Words that are older than you think, Part 1
Language changes, whether we like it or not, and nothing changes faster than slang. Most of us are all too familiar with that distressing moment when we discover that we’ve changed from despairing of our parents’ inept use of slang, to being lost at sea ourselves. Suddenly everything is ROFL this and YOLO that, and we’re nostalgic for the good old days of cool, wicked, and the subtle humour of adding ‘not’ to the end of sentences. (In case you’re not sure, those acronyms stand for ‘rolling on the floor laughing’ and ‘you only live once’. Now we’re all on the same page.)
But you can take comfort in the fact that some words used by today’s youth aren’t, in fact, recent additions to the English language at all. Here are five words you might have thought were products of the 21st century, which have actually been around for a fair while longer.
I spent some years wondering why my Dad ended his text messages to me suggesting he was ‘laughing out loud’, often when no joke appeared to have been made, until I realised that he was under the impression that LOL meant ‘lots of love’. It’s 1-0 to me here, according to the Oxford English Dictionary, which dates LOL for ‘laughing out loud’ as far back as 1989, and doesn’t currently include it as an abbreviation for ‘lots of love’ – but both of us are beaten, chronologically, by a definition that dates back to 1960, where LOL is used as an initialism (but not an acronym) for ‘little old lady’.
Often developments in the English language are looked at askance by those who would class themselves as purists, and I’ve heard more than one person cry out in anguish at the idea of text as a verb. It’s become a part of everyday language for many people, describing the action of sending a text message on a mobile phone. But before your hackles rise, it’s worth knowing that text, as a verb, is the oldest of the five words in this article – dating to 1564. True, that sense made no mention of the mobile phone (unsurprisingly), meaning instead ‘to cite texts’, but another 16th-century sense describes a situation familiar to anybody who has tried to convey shouting in a text message, or accidentally hit caps lock on their keyboard: ‘to inscribe, write, or print in capital or large letters’.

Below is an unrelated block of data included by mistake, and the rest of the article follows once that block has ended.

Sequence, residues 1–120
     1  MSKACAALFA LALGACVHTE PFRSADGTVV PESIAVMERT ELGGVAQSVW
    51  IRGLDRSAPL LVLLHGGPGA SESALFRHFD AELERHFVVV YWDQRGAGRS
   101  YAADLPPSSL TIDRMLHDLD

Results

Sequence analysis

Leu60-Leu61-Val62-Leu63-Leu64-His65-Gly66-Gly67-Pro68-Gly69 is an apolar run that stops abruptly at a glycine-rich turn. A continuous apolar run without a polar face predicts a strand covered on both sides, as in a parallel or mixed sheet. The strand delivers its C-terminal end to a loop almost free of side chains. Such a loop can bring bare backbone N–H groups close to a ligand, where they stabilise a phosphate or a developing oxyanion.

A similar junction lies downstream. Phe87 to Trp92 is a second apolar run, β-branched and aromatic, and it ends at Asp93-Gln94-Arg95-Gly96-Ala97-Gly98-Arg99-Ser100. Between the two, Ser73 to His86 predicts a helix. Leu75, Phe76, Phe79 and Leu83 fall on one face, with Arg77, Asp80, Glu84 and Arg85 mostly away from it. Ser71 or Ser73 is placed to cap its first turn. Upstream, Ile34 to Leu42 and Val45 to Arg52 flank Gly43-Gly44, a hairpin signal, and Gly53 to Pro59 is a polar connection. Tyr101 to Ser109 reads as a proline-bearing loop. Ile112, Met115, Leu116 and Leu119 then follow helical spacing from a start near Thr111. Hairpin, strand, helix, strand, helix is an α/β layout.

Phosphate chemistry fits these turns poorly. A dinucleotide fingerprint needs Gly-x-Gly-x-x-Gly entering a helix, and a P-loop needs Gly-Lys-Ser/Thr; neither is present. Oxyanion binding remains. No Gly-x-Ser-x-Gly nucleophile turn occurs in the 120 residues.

As was recently explored on OxfordWords, the influence of Facebook on language is quite widespread. The verb unfriend, though it has gained widespread currency as the ultimate act of social severance in social media, dates back to 1659, according to current OED findings. It existed even earlier as a noun – as far back as 1275. The nominal sense has yet to have a 21st-century renaissance, but was briefly revived in the 19th century by the Scottish novelist Walter Scott.
If your love of Sherlock, Doctor Who, or, indeed, any cultural phenomenon crosses the borderline between admiration and fanaticism, then chances are you’ve been labelled a fanboy or fangirl. They are simple compounds from the words fan and boy or girl, but predate Benedict Cumberbatch and Matt Smith by some decades – indeed, you could have been a fanboy back when Sherlock Holmes was originally still being published, since the OED currently dates fanboy’s first appearance in print to 1919 (the original Sherlock Holmes stories were published between 1887 and 1927). Fangirl wasn’t too far behind, in 1934. At the moment the OED doesn’t include verbal uses of these words, but the Oxford Corpus suggests these are growing in popularity. (For more on fanboys and fangirls, read our recent article on the language of geeks.)
The modern sense of hip-hop, a noun and adjective denoting a style of popular music of US black and Hispanic origin, is currently dated to 1981 in the OED, but it was preceded by over 300 years by an adverbial use meaning ‘with hopping movement’. At the moment, the second Duke of Buckingham is recorded as having written the earliest instance of hip-hop, in a play called The Rehearsal, which, to my mind, makes him something of a hip-hop icon.
There you have it. Language changes, but often slang draws upon words that were already in the English language, whether or not the speakers of slang knew it. So, next time you find yourself vexed that a fanboy is texting ‘LOL’, and you’re tempted to unfriend them, just remember – YOLO, perhaps, but many words in the English language get to live more than once.
The opinions and other information contained in OxfordWords blog posts and comments do not necessarily reflect the opinions or positions of Oxford University Press.